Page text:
The net in the sea : a note to Plotinus' en. IV 3(27).9.34–44

Author: Weiss, Sonja
Source document: Graeco-Latina Brunensia. 2019, vol. 24, iss. 2, pp. 235-253
  • ISSN
    1803-7402 (print)
    2336-4424 (online)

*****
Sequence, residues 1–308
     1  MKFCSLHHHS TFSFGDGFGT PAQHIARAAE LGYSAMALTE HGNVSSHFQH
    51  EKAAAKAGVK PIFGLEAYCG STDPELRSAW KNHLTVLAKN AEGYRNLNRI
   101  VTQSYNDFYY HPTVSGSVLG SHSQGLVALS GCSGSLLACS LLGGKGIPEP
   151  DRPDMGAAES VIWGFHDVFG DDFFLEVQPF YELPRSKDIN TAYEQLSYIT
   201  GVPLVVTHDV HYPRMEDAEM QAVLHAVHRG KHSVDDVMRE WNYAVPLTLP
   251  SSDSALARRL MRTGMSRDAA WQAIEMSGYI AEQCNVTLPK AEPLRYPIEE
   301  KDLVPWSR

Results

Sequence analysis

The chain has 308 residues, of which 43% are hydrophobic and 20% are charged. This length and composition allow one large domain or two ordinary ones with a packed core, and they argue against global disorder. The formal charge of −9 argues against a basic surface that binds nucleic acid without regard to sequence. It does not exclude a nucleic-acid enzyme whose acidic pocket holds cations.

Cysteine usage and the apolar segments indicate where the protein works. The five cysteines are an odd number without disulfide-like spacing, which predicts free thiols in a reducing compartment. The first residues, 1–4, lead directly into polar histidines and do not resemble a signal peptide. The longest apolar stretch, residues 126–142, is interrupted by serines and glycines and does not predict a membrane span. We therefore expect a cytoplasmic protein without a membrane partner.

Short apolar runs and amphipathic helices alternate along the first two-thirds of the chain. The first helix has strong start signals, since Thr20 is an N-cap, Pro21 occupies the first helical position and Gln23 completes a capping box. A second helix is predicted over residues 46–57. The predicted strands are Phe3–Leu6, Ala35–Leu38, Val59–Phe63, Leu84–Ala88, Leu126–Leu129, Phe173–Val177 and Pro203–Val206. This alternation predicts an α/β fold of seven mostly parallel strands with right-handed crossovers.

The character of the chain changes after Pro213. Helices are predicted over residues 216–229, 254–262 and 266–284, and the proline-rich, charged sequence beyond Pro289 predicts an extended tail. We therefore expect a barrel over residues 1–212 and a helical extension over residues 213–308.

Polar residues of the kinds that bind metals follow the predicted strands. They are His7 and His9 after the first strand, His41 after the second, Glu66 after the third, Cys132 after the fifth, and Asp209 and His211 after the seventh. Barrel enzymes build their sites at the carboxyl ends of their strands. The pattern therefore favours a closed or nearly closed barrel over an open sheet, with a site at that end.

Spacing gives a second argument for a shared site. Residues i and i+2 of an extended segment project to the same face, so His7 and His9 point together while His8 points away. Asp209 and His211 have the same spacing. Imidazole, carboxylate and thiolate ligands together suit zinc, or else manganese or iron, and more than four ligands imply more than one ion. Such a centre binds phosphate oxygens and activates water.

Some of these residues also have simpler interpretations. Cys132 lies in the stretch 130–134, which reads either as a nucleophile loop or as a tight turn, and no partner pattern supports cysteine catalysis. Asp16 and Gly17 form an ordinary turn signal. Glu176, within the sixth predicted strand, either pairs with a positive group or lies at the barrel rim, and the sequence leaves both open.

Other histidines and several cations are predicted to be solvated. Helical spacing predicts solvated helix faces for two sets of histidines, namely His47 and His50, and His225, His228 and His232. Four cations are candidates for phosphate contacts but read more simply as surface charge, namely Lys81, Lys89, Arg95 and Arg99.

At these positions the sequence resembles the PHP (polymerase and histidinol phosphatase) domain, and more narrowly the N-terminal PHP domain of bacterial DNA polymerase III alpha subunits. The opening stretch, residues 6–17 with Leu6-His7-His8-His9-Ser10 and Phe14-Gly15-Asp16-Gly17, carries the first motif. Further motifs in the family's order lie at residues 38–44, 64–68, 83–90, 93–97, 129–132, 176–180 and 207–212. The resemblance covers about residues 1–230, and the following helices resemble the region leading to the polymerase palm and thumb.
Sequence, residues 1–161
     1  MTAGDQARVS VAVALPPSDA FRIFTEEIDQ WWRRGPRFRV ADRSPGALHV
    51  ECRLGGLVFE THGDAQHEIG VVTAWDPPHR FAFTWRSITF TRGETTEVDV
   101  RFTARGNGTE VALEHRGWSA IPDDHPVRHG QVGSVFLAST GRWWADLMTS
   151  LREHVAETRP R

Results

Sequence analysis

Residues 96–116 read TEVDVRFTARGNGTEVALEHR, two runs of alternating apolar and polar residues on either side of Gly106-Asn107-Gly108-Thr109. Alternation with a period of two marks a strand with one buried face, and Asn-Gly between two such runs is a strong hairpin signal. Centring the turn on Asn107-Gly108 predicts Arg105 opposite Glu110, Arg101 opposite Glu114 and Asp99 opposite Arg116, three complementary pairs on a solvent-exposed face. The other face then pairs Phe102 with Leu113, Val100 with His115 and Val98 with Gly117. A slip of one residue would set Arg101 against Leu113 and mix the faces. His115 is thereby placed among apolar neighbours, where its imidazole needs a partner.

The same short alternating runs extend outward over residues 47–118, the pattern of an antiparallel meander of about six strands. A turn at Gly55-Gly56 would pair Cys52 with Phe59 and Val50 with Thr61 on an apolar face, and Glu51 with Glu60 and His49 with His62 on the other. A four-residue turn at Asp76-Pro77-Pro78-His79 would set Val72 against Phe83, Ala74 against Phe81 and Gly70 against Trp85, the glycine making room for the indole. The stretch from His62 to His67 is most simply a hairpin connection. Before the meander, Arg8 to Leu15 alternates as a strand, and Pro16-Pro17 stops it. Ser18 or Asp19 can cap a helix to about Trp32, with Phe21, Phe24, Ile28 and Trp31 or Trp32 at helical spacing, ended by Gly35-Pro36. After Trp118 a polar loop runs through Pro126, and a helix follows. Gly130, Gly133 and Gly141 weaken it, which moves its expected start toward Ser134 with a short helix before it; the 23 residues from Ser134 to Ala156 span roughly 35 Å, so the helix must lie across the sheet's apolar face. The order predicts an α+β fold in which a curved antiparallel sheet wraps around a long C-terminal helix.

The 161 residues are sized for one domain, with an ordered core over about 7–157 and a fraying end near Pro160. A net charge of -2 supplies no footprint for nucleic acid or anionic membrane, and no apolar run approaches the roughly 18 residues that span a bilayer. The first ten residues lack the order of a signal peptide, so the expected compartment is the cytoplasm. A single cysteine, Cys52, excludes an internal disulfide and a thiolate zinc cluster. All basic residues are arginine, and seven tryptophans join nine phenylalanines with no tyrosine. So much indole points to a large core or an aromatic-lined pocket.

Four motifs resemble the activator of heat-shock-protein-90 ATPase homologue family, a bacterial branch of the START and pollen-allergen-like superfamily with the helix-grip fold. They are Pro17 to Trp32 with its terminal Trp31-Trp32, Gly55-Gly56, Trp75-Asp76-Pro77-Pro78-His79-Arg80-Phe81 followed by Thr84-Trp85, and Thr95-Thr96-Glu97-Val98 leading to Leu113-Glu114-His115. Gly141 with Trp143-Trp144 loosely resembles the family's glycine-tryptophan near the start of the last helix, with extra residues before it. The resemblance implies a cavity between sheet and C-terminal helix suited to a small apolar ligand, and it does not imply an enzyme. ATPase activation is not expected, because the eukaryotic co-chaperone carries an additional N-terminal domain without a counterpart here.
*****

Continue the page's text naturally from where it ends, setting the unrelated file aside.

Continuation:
In Plotinus' first treatise, On the Problems of the Soul, the comparison of the cosmic body floating in the soul to a net in the sea is simple enough, at least at first glance. While most of the translators and experts have no doubts that the net in this metaphor stands for the body and the sea for the soul, a few of them are doubtful as to whether the analogy is as self-evident as it seems. This is particularly true of the second part of the metaphor, casting the universal soul as the sea, and thus presenting a striking contrast to the prevalent symbolism of the sea and water in general. The uncertainty of this Plotinian image leads us to investigate two relevant philosophical concepts, namely flux and infinity, which in Plotinus are applied to very different contexts: the former is generally related to the fluctuating nature of the sensible world, but is also present in the image of the One as inexhaustible spring. Similarly, we have a concept of infinity applied to the ungraspable bodiless matter on the one hand, as well as to the limitless power of Being on the other. I believe that Plotinus, refusing to be limited by the established meaning of the current philosophical imagery, is consciously using these ambiguities to refine his arguments, possibly as a polemic against rival philosophical doctrines.
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